gospel of st thomas

intro

Whether or not Thomas represents actual sayings of Jesus, it is perhaps one of the most spiritually advanced documents produced by his followers, and in this author’s opinion, probably comes closer to the original message of Jesus than do the canonical gospels (at least in their modern orthodox interpretations). The message of Thomas’ Jesus is one of salvation through personal realization of the presence of the divine. The sayings of Jesus in this text sound very similar to words one might expect to hear from the mouths of the Buddha Gotama Siddharta, the Taoist philospher Lao-Tzu, or many modern psychologists and philosphers such as Aldous Huxley or Alan Watts. In the end, it matters not who spoke these words, only that they have been preserved for us, for these are words with much wisdom to impart. Whoever has ears to hear, let him hear!

Although it is not possible to attribute the Gospel of Thomas to any particular sect, it appears to represent an early form of Gnosticism. As the preamble indicates, these are “secret sayings”, and are intended to be esoteric in nature. The sayings are not intended to be interpreted literally, as their New Testament parallels often are, but to be interpreted symbolically, as attested by Saying 1. One symbolic feature found throughout Thomas is the use of the gender terms “male” and “female” as symbolic of different levels of spiritual awareness, a theme which was later adopted by many of the second and third century Gnostic schools. Although not attributable to any particular Gnostic or other group, it seems that it was incorporated into the literary collections of various Gnostic sects.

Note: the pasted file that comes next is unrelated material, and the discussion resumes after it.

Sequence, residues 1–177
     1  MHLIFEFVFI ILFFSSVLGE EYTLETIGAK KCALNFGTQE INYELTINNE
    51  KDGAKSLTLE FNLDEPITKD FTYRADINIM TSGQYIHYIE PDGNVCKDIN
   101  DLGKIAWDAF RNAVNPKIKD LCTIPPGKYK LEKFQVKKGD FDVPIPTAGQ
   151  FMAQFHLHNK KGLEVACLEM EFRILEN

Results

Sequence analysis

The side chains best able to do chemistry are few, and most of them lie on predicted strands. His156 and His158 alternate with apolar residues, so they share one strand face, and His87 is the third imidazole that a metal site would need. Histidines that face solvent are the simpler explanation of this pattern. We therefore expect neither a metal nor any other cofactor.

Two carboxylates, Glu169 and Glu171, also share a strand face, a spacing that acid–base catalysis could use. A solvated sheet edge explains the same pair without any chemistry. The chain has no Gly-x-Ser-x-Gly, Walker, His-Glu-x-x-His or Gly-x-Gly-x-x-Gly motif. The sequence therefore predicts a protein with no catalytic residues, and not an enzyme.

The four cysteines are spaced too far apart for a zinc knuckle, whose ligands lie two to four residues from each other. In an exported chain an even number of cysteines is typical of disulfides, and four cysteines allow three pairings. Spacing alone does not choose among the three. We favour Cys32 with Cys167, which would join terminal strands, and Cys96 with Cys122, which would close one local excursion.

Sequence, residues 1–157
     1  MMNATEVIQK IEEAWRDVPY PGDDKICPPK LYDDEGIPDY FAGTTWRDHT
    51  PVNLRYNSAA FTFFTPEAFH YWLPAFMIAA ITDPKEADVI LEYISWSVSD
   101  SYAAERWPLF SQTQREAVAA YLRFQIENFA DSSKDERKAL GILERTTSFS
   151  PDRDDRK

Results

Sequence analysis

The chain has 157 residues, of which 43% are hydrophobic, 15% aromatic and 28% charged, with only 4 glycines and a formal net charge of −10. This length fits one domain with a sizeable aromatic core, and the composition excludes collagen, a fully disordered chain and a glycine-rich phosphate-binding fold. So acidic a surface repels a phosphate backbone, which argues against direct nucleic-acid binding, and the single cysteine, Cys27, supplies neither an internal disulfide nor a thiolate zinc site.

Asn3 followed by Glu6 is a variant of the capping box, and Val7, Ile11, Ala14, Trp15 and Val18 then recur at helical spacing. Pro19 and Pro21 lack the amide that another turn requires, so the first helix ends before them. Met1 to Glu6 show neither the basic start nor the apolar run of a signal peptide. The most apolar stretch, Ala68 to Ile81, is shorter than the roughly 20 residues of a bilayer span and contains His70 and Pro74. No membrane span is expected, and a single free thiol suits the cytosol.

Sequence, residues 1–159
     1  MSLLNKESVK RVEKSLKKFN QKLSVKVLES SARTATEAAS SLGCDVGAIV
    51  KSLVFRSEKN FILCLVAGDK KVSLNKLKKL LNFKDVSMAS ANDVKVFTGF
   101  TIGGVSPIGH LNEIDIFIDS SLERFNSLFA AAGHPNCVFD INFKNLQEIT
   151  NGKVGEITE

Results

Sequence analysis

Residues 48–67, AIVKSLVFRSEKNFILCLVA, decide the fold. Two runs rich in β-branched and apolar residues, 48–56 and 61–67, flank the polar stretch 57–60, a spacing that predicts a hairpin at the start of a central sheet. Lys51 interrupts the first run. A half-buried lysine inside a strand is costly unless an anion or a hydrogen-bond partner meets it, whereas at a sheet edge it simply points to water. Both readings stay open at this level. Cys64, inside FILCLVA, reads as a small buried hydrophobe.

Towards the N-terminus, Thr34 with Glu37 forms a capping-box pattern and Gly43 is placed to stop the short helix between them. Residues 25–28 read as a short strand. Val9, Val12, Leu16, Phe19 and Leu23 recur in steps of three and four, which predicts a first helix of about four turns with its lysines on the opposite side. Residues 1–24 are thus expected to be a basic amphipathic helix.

GoST Links: laymans interpretationWikipediacomparisons with canonical sayings,THE TEXT.

critique

“No major Christian group accepts this gospel as canonical or authoritative.” I say first READ this work that “comprises 114 sayings attributed to Jesus”.

“Many modern scholars believe that the GoST was written independent of the New Testament, and therefore, is a useful guide to historical Jesus research.”

“The plot of the 1999 Hollywood film Stigmata revolves around a cover-up within the Roman Catholic Church of an unnamed lost “Gospel” (that is revealed at the end of the film to be based upon the real-life GoST), whose teachings of the immanence of God are profoundly threatening to the church hierarchy. The director believes the truth is “out there” and hopes the movie would encourage people to research alternative Christian writings, like the GoST.”



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